The issues are whether the house will exercise some leadership and pass a plan, and whether the Senate and Obama will go along with it or bring the country into default.

Reid, Obama and Pelosi are not good enough negotiators to get the House Republicans to go along with any tax increases on anyone in any form. It seems unlikely they’re going to let someone else negotiate for them – but that would give them some hope of ‘revenue neutral’ adjustments of closing loopholes and lowering general tax rates. Even a good negotiator probably couldn’t get new revenue of any sort past the house.

Jul 16, 2011 2:41am EDT  --  Report as abuse
akcoins wrote:
Every time the Dems come up with compromise the Cons raise the bar. They are not even trying to solve the problem.

Jul 16, 2011 3:20am EDT  --  Report as abuse
ginchinchili wrote:
Not raising the debt ceiling would just be a really, really stupid thing to do. It’s frightening that so many people on the right are either unwilling to or incapable of understanding the significance of not raising the debt limit. Serious minded people know that this MUST be done or it will end up costing us a LOT of money. Even the serious heads in the Republican Party, the few who are left, but the extremists are calling the shots in the Republican Party. Wall Street knows it’s got to be done. The banking industry knows it. Moody’s knows it. I just read a Reuters report that Germany is watching closely, but are assuming that better minds will prevail and the debt limit will be raised. It seems like everyone knows it except the rightwing extremists and it is them who are driving this thing off a cliff.

What I don’t understand is that on one hand rightwingers say the federal government must, in effect, be more responsible with our money. Yet not increasing the debt limit will cost the US tax payer billions, an expenditure that will give us nothing in return. If we’re going to do that, why not instead use that money to build infrastructure and create jobs rather than throw it away on higher interest rates? Republican thinking doesn’t make real sense.

It’s like having a mortgage payment come due and your bank has been making you mad so you decide that you’ll make a statement by refusing to pay your mortgage, even though the bank tells you there will be a 50% late fee on your mortgage payment if you pay it late. All you will manage to accomplish is that you’ll have to pay a lot more money. That’s not a very smart tactic. That’s the Republican tactic.

I think this whole ugly episode has made, well, many things quite clear. One of them is just how enslaved a lot of people on the right are to the rightwing media. They swallow anything they are told without questioning it. People listening to mostly FOX News will hear the talking heads and folks like Michelle Bachmann saying that not raising the debt limit won’t hurt a thing. They are dangerously misinformed or under-informed, or just plain stupid. Yet, the American citizens who hear only the rightwing media form their views of the world according to the rightwing extremists and oftentimes what they say is just plain wrong, like in this case about how refusing to raise the debt limit will have no negative consequences. What are they basing that on? A tale told by an idiot, full of sound and fury, signifying nothing.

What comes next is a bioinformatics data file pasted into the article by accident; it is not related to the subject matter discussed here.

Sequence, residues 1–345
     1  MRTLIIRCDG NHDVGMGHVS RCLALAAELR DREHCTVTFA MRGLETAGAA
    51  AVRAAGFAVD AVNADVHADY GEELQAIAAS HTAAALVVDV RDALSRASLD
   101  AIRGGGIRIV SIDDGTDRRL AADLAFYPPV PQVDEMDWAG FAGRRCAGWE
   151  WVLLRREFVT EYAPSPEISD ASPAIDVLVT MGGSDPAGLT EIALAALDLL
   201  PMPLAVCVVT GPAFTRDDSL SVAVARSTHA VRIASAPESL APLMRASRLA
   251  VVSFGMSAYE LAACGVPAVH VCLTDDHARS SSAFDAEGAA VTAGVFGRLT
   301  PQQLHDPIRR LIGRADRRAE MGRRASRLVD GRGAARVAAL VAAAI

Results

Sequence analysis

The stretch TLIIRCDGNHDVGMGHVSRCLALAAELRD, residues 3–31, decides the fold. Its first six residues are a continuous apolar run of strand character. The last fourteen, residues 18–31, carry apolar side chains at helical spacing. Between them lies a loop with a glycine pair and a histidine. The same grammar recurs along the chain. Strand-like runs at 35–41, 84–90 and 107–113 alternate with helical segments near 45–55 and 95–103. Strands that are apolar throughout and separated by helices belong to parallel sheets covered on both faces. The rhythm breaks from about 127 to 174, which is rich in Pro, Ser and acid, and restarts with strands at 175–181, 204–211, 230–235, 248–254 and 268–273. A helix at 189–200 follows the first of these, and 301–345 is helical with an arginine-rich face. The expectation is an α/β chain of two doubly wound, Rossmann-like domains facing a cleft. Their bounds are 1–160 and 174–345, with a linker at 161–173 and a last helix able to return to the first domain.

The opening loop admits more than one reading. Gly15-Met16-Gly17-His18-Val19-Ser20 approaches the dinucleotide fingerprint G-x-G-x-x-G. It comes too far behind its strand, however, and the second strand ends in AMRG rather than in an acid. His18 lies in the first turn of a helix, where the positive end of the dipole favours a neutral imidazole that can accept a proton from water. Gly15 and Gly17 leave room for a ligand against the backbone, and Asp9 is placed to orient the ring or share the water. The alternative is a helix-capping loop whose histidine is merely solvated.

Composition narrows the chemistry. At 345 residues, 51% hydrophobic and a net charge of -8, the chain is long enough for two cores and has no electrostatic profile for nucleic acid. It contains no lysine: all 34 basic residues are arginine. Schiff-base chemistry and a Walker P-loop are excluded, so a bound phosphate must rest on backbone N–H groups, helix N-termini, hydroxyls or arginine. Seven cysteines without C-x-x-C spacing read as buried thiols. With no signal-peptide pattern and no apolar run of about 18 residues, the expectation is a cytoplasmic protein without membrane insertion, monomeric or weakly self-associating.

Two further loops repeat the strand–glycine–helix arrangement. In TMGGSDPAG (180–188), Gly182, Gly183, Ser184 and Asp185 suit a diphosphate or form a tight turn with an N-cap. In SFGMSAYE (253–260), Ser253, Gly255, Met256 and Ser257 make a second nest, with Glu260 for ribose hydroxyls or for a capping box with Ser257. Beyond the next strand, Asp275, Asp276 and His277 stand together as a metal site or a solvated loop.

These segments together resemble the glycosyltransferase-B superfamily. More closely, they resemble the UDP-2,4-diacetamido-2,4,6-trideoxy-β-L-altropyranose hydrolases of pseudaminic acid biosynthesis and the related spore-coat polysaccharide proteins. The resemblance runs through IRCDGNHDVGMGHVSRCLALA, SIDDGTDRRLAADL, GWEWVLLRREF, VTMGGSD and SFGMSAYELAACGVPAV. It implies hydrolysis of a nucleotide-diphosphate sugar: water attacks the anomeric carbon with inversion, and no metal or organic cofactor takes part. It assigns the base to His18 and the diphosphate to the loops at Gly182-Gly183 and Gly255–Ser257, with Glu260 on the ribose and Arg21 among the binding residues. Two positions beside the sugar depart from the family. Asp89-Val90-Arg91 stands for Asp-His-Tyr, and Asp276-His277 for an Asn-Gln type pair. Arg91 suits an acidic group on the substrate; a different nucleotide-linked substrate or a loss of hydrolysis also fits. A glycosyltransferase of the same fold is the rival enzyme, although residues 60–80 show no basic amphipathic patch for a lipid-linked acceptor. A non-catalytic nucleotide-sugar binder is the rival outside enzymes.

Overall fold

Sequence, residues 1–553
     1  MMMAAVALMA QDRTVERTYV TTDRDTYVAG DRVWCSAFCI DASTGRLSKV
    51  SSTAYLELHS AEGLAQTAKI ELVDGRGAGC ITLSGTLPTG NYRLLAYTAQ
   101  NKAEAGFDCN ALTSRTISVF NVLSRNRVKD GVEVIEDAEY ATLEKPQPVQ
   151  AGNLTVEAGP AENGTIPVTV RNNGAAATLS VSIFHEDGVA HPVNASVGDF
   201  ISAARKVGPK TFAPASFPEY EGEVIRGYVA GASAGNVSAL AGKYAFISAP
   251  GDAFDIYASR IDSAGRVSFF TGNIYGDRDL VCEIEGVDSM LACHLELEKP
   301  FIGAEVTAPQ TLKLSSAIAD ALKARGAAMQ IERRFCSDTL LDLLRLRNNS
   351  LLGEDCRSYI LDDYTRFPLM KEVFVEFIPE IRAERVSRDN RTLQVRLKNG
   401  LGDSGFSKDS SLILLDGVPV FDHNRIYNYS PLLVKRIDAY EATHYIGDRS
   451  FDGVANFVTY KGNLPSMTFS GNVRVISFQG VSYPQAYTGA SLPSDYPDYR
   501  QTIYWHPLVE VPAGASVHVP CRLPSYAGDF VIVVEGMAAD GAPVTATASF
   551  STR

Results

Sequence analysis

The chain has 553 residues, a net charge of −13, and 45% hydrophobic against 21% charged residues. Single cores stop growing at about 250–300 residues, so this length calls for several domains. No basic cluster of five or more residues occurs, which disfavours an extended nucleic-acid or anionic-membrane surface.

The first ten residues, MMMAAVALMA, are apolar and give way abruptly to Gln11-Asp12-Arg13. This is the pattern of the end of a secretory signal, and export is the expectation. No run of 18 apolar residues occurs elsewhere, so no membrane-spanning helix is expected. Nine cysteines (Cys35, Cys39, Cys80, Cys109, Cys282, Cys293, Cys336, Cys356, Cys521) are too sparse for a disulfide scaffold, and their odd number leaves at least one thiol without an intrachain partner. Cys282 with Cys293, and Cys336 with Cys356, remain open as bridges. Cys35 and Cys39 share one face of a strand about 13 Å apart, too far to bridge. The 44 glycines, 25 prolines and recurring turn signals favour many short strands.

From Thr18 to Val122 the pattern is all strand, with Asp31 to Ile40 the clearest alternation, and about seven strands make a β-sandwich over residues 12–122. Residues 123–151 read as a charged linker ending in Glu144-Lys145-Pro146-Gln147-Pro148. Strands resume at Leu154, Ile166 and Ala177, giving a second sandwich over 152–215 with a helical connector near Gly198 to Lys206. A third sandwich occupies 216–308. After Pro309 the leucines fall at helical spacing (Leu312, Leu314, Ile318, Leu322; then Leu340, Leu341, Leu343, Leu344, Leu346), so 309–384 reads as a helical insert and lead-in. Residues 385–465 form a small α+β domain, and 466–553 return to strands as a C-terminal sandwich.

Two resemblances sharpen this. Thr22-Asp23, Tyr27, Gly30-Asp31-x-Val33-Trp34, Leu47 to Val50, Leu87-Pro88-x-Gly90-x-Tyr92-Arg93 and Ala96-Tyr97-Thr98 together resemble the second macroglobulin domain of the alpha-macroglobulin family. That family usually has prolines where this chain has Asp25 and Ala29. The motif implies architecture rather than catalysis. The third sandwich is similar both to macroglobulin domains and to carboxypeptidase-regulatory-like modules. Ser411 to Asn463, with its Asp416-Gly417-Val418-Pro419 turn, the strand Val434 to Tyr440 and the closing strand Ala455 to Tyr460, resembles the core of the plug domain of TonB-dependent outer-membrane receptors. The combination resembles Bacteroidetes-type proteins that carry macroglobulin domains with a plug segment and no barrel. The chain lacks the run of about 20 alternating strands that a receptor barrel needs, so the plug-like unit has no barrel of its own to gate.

It begs the question, suppose Michelle Bachmann and others are wrong about there being no need to raise the debt limit, or suppose they’re wrong about something else, anything else: What would it take for rightwing media followers to disagree with their rightwing media source and believe an alternative source? Is it even possible?

Or to look at it another way, FOX News had better be accurate 100% of the time or there will be millions of Americans misinformed and no way to correct their thinking. (Think, Saddam Hussein was behind the 9/11 attacks. 6 months into the Iraq War 70% of Americans believed that Saddam Hussein was behind the 9/11 attacks. This, of course, was not true.)

If enough leaders on the right started insisting that the only way to save America is to bypass our Constitution and physically force the Democrats out of the federal government, how difficult would it be to actually get enough people on the right to believe what they are being told and follow through on it? It’s something to think about, because all it would take is the right, or should I say wrong, rightwing “leader” to advocate something along those lines. If that leader is smart and charismatic enough, it would happen. Personally, I think it’s only a matter of time before it happens.

It’s clear that the Republicans and their followers no longer see democracy as a viable way of governing the United States of America. They have reached a point where they are refusing to share governing responsibilities with anyone else. There’s only room for their ideology and all other considerations are to be snuffed out by increasingly radical means.

Jul 16, 2011 3:41am EDT  --  Report as abuse